The death of Steve Rogers has been one of the central pillars in Brubaker's run and probably what will be most remembered years down the road. But another important development in the story, and what actually set forth the death of Steve Rogers, was the death of the Red Skull in the very first issue of the new series.
The Red Skull was shot by The Winter Soldier (later revealed to be Bucky), who used a sniper rifle under the orders of General Lukin. Steve Rogers was also shot by a sniper rifle, this time by Crossbones, but also under the orders of General Lukin (who, at this time, was sharing his mind with the Red Skull, more on that in a second).
As it was pointed out in the second issue, the Red Skull's body at the time of his death was actually a clone of Steve Rogers, making the death all the more similar (To be fair, it wasn't Brubaker that put the Red Skull inside a clone of Rogers, that was done before his tenure as a writer).
Of course, we all now know that it wasn't just the sniper that killed Steve Rogers, but a combination of that attack with the shots that Sharon Carter fired at him (under the control of Dr. Faustus's conditioning). It is pretty much agreed that Sharon Carter delivered the killing blows to Rogers, but she also was the one to kill General Lukin once she broke free of that same conditioning. Sharon, in the end, killed both her lover and one of his greatest enemies. In a "poetic hero" sort of way, Sharon's proximity (both physical and emotional) to Captain America was both the cause of her greatest failure (becoming an accessory to Steve's murder) and the cause of her redemption (finally stopping Lukin and avenging Steve).
As I mentioned before, the Red Skull was seemingly killed in the very first issue of the new series. In reality, he had used what little power there was in the Cosmic Cube he owned to transfer his mind into a different body, that of Alexander Lukin's. The process did not turn out as he intended, and he ended up sharing the mind with Lukin.
Later in the series, when Sharon Carter was found to be pregnant (still under the mental conditioning of Dr. Faustus), it was implied that the Red Skull wanted to transfer his mind once again, this time into the child of Sharon and Steve.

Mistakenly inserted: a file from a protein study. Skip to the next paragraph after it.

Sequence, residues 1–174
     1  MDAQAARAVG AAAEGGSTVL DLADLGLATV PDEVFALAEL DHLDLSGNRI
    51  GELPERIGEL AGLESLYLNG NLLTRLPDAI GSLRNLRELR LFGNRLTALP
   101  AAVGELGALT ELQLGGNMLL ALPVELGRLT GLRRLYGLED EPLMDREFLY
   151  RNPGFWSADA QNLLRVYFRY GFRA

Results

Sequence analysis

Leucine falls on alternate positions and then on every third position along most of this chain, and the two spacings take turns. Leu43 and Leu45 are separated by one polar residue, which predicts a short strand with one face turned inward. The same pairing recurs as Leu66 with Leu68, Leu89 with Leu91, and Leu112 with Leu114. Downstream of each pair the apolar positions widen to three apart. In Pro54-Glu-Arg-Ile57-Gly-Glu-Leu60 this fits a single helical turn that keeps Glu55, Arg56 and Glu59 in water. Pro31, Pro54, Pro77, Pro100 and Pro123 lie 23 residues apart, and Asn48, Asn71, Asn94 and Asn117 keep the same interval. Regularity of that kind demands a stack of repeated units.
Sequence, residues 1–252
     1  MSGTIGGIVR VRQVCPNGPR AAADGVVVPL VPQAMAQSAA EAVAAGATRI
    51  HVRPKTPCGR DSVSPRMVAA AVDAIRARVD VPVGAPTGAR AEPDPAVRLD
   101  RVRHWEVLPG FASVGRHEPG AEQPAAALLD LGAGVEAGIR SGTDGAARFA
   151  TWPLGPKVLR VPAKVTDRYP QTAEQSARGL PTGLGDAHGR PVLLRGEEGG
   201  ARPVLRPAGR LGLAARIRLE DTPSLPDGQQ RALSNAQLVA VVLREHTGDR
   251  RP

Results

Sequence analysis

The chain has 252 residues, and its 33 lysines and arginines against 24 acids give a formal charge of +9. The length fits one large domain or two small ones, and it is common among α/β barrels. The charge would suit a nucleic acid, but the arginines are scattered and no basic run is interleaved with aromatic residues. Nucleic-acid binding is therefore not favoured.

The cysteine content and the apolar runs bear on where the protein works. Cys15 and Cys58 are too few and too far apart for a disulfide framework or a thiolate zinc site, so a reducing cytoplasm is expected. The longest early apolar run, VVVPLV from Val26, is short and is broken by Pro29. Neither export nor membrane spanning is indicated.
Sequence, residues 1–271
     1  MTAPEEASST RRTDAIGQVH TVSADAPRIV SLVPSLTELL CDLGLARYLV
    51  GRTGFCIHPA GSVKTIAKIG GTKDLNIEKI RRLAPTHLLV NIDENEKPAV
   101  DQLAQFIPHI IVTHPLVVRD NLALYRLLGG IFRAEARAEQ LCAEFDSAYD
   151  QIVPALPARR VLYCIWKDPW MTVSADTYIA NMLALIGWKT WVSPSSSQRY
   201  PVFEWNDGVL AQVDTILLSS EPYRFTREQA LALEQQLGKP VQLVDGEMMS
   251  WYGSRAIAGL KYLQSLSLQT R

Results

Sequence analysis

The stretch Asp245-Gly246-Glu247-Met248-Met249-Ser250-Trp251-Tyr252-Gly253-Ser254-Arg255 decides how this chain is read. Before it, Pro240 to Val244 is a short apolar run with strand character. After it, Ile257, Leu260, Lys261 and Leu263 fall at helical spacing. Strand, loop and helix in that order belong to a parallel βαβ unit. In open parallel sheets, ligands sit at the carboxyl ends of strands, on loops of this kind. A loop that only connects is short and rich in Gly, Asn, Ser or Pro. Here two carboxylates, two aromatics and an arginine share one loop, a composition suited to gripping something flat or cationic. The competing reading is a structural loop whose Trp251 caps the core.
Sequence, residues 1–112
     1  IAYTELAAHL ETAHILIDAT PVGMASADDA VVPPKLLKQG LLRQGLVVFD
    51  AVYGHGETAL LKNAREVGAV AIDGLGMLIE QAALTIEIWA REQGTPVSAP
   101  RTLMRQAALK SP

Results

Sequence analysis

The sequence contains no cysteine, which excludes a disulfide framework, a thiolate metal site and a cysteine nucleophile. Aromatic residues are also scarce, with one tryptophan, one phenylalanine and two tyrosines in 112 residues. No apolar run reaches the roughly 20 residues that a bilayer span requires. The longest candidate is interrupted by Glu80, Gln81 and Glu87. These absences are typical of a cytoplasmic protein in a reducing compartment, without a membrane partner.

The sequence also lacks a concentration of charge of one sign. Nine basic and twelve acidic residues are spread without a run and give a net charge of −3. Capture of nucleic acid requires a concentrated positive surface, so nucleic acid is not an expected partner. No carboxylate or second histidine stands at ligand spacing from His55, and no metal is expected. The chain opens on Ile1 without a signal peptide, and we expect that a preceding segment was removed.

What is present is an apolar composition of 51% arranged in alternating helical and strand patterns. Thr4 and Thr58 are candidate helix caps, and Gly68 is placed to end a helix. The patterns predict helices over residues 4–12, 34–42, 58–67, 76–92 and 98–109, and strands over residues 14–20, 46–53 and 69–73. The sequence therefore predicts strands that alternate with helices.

The process, once again, did not turn out as expected, with Sharon breaking free of the restraints and interrupting the process, which meant that the Red Skull (still inside the mind of Lukin) and their ally, Arnim Zola, had to improvise. The Red Skull's mind ended up in a situation he did not intend to, inside one of Arnim Zola's robot bodies. The Red Skull escaped Lukin's mind just in time, as Lukin was killed only moments after.
There are three romantic couples that are featured heavily in this comic and every one of them has a very complex relationship - complicated even more so by the fact that one partner in every couple has been, at one point or another, been on the receiving end of a brainwashing.
Cap & Sharon
Sharon Carter and Steve Rogers had been an item in the past, but the relationship came back during Brubaker's tenure on the title. It was later revealed, however, that Dr. Faustus's and the Red Skull's machinations and mind conditioning were involved with Sharon's decision to revive the relationship with her old flame.
Sharon had been brainwashed, along with other S.H.I.E.L.D. agents, as part of the Red Skull's plan to kill Steve. Even after the death of Steve, Sharon continued to suffer under the conditioning of Dr. Faustus and was captured by the Red Skull as a key part to further his plans of getting a new body.
Bucky & Black Widow
Bucky was also under the effects of conditioning, this time his Winter Soldier program created by the Soviets, when he killed the Red Skull. Eventually, he would also break free of this control thanks to Steve Rogers's use of the Cosmic Cube.
As we all know, he became the new Captain America after Steve died and, just like Steve, he also found comfort in the arms of an old flame: the Black Widow.
Bucky and Natalia (or Natasha) trained together during the early days of the Soviet Union and eventually became romantically involved. Their paths separated during the Cold War, but they are once more together and she acts as his emotional and professional super-hero support.
Crossbones and Sin
And, finally, there is the relationship between Sin, the daughter of Red Skull, and Crossbones. In this case, it was Sin who was brainwashed by S.H.I.E.L.D. instead of the Soviets or Nazi sympathizers of the previous two relationships, perhaps showing that, while S.H.I.E.L.D. is a lawful organization, it is willing to use the same means as its enemies, albeit to different ends.
Sin was brainwashed into believing she was just a normal teenager, but it was Crossbones who (literally) beat the conditioning out of her with psychological and physical torture.
Once Sin broke free of her conditioning, the two started a romantic relationship. Since then, however, both Sin and Crossbones have been captured by S.H.I.E.L.D at different times and it is unknown what has happened to either of them.
There are probably a lot more symmetrical events and occurrences littered throughout Brubaker's run on Captain America, as there's also plenty of recurring themes, such as the meaning of dreams, the burden of memories, the illusion of time, and the weight of carrying a legacy.
I happened to only focus in some of them, the ones that were most obvious, but feel free to tell me what other symmetries you've spotted as well. The fact that Brubaker (again, with the help of a wonderful ensemble of artists) has managed to implant so many little things in his run is a testament of how good his run has been, and I am certainly looking forward to see what else he has planned for Captain America.